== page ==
Amid efforts to contain the COVID-19 pandemic, USCIRF calls on governments to release all prisoners held because of their religion or belief around the world.
Apr 10, 2020
FOR IMMEDIATE RELEASE
April 10, 2020
USCIRF Urges Governments to Release Religious Prisoners of Conscience in COVID-19 Response
Washington, DC – Amid efforts to contain the COVID-19 pandemic, the U.S. Commission on International Religious Freedom (USCIRF) calls on governments to release all prisoners held because of their religion or belief around the world.
“Globally, an untold number of victims are held behind bars unjustly for exercising their freedom of religion or belief,” stated USCIRF Chair Tony Perkins. “We call on governments to release all prisoners wrongly detained and, in the meantime, provide adequate health conditions and safety for those who must remain behind bars.”
Under international human rights law, states must take steps to prevent threats to public health. However, in many countries it is virtually impossible for authorities to follow public health guidelines to tackle the virus within prisons. Prisons are often overcrowded, which creates an elevated risk for COVID-19 to rapidly spread among prisoners who cannot socially distance. Increasing the risk of spreading within prison populations is the lack of acceptable healthcare and unhygienic conditions that are endemic to many prison systems.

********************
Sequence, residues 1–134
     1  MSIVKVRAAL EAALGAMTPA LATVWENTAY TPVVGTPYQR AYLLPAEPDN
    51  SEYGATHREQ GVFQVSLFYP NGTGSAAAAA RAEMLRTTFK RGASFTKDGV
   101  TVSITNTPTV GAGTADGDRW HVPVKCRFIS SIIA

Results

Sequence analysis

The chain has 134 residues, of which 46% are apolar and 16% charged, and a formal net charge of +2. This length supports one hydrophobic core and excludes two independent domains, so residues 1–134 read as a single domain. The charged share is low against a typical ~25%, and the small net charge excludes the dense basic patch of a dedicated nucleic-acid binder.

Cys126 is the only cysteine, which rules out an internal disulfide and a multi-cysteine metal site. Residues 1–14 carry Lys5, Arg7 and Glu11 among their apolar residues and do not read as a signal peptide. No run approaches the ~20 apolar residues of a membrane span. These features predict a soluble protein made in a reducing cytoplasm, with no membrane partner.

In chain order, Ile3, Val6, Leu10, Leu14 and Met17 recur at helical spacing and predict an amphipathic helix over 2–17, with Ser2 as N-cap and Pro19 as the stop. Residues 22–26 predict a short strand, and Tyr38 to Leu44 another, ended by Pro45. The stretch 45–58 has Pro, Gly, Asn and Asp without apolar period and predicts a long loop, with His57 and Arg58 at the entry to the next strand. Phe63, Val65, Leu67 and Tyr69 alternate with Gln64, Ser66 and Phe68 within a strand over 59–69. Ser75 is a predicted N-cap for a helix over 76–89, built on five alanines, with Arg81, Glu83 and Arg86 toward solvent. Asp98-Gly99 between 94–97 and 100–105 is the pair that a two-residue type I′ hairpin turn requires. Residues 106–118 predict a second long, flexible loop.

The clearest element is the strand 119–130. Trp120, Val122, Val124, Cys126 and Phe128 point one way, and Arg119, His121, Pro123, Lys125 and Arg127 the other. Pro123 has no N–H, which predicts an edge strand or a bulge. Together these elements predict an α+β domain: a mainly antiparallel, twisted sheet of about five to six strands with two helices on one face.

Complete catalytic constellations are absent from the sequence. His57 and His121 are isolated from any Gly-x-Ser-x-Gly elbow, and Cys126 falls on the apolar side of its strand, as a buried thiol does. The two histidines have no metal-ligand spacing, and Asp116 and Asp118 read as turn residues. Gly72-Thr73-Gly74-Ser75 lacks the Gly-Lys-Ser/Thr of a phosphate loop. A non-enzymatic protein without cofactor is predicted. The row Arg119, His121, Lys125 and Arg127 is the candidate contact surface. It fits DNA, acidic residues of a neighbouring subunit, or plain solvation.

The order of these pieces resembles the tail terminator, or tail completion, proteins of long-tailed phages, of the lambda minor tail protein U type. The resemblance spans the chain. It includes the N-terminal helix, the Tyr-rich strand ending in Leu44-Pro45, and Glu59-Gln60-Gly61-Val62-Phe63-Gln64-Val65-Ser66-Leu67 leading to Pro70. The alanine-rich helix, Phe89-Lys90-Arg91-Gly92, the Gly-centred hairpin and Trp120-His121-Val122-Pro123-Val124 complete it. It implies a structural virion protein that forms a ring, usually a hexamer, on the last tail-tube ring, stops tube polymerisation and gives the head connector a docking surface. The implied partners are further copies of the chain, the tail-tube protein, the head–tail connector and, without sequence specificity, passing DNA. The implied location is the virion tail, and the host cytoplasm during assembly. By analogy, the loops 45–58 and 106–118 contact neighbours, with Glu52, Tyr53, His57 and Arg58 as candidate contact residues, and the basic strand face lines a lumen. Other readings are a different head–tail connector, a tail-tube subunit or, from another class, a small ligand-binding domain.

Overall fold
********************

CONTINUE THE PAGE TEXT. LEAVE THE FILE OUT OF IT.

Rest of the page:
To reduce the number of individuals detained in response to the threat of COVID-19, the United Nations High Commissioner for Human Rights Michelle Bachelet has called on governments to release every person held without sufficient legal basis and those jailed for expressing dissenting or critical views.
“Individuals behind bars in crowded prisons are particularly vulnerable to COVID-19, especially those held in facilities without suitable medical care. During this public health emergency, religious prisoners of conscience must not be further punished for their most deeply held convictions by remaining in prison despite the threat posed by COVID-19,” said Vice Chair Gayle Manchin.
USCIRF advocates on behalf of individuals imprisoned for exercising their freedom of religion or belief through its Religious Prisoner of Conscience Project, and also catalogues select victims targeted for the exercise of their freedom of religion or belief in the Freedom of Religion or Belief (FoRB) Victims List. USCIRF recently released a factsheet about the effect of COVID-19 on religious freedom.
The U.S. Commission on International Religious Freedom (USCIRF) is an independent, bipartisan federal government entity established by the U.S. Congress to monitor, analyze, and report on threats to religious freedom abroad. USCIRF makes foreign policy recommendations to the President, the Secretary of State, and Congress intended to deter religious persecution and promote freedom of religion and belief. To interview a Commissioner, please contact USCIRF at Media@USCIRF.gov or Danielle Ashbahian at firstname.lastname@example.org.